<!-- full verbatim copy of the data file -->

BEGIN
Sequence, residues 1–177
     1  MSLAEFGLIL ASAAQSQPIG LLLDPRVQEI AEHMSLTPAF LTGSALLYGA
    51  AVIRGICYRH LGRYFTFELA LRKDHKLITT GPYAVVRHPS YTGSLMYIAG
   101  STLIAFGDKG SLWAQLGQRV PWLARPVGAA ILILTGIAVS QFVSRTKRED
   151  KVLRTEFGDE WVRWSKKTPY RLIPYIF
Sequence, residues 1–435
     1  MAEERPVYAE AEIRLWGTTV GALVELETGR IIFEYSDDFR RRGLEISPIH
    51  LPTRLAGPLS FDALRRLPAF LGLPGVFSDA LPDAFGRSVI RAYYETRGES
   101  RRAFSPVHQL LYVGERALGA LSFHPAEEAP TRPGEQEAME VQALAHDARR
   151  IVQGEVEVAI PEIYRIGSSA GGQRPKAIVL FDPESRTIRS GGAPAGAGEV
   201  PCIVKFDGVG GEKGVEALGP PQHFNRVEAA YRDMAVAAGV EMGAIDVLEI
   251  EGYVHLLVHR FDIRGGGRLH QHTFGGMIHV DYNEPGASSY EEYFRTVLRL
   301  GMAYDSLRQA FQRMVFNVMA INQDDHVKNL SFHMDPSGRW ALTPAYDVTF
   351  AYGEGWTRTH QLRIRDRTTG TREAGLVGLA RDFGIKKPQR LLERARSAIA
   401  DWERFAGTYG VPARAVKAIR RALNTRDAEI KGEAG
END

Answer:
Sequence, residues 1–177
     1  MSLAEFGLIL ASAAQSQPIG LLLDPRVQEI AEHMSLTPAF LTGSALLYGA
    51  AVIRGICYRH LGRYFTFELA LRKDHKLITT GPYAVVRHPS YTGSLMYIAG
   101  STLIAFGDKG SLWAQLGQRV PWLARPVGAA ILILTGIAVS QFVSRTKRED
   151  KVLRTEFGDE WVRWSKKTPY RLIPYIF
Sequence, residues 1–435
     1  MAEERPVYAE AEIRLWGTTV GALVELETGR IIFEYSDDFR RRGLEISPIH
    51  LPTRLAGPLS FDALRRLPAF LGLPGVFSDA LPDAFGRSVI RAYYETRGES
   101  RRAFSPVHQL LYVGERALGA LSFHPAEEAP TRPGEQEAME VQALAHDARR
   151  IVQGEVEVAI PEIYRIGSSA GGQRPKAIVL FDPESRTIRS GGAPAGAGEV
   201  PCIVKFDGVG GEKGVEALGP PQHFNRVEAA YRDMAVAAGV EMGAIDVLEI
   251  EGYVHLLVHR FDIRGGGRLH QHTFGGMIHV DYNEPGASSY EEYFRTVLRL
   301  GMAYDSLRQA FQRMVFNVMA INQDDHVKNL SFHMDPSGRW ALTPAYDVTF
   351  AYGEGWTRTH QLRIRDRTTG TREAGLVGLA RDFGIKKPQR LLERARSAIA
   401  DWERFAGTYG VPARAVKAIR RALNTRDAEI KGEAG